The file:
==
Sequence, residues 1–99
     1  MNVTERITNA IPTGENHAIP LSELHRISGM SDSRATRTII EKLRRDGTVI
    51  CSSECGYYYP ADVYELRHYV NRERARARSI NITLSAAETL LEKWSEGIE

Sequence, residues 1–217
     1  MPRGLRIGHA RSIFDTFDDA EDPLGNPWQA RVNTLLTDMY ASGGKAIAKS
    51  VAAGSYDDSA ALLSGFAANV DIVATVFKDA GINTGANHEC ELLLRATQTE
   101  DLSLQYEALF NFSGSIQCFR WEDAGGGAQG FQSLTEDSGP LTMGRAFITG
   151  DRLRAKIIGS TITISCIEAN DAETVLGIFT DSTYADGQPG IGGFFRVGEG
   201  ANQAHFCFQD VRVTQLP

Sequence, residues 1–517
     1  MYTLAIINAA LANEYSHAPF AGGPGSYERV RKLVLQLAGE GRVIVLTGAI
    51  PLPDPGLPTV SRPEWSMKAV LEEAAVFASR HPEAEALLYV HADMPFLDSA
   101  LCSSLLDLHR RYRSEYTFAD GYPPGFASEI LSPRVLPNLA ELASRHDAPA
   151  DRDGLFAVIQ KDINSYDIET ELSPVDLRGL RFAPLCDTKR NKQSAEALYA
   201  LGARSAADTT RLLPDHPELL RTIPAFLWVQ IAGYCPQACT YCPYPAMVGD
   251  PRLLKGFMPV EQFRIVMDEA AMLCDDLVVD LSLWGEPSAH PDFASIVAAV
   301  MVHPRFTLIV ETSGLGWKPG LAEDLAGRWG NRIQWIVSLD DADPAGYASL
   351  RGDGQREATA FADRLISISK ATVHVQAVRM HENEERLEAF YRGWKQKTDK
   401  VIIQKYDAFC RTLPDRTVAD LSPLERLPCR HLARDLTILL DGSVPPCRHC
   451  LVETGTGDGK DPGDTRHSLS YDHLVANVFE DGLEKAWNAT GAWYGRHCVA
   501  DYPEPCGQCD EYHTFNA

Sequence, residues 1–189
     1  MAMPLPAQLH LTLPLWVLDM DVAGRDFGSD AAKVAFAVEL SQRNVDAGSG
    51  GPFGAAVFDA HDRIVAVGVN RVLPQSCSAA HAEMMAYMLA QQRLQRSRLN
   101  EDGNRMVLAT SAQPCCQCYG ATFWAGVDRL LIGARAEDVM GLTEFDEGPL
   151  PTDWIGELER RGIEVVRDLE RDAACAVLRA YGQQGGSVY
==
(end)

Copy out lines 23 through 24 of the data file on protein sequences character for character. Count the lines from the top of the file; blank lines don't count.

     1  MAMPLPAQLH LTLPLWVLDM DVAGRDFGSD AAKVAFAVEL SQRNVDAGSG
    51  GPFGAAVFDA HDRIVAVGVN RVLPQSCSAA HAEMMAYMLA QQRLQRSRLN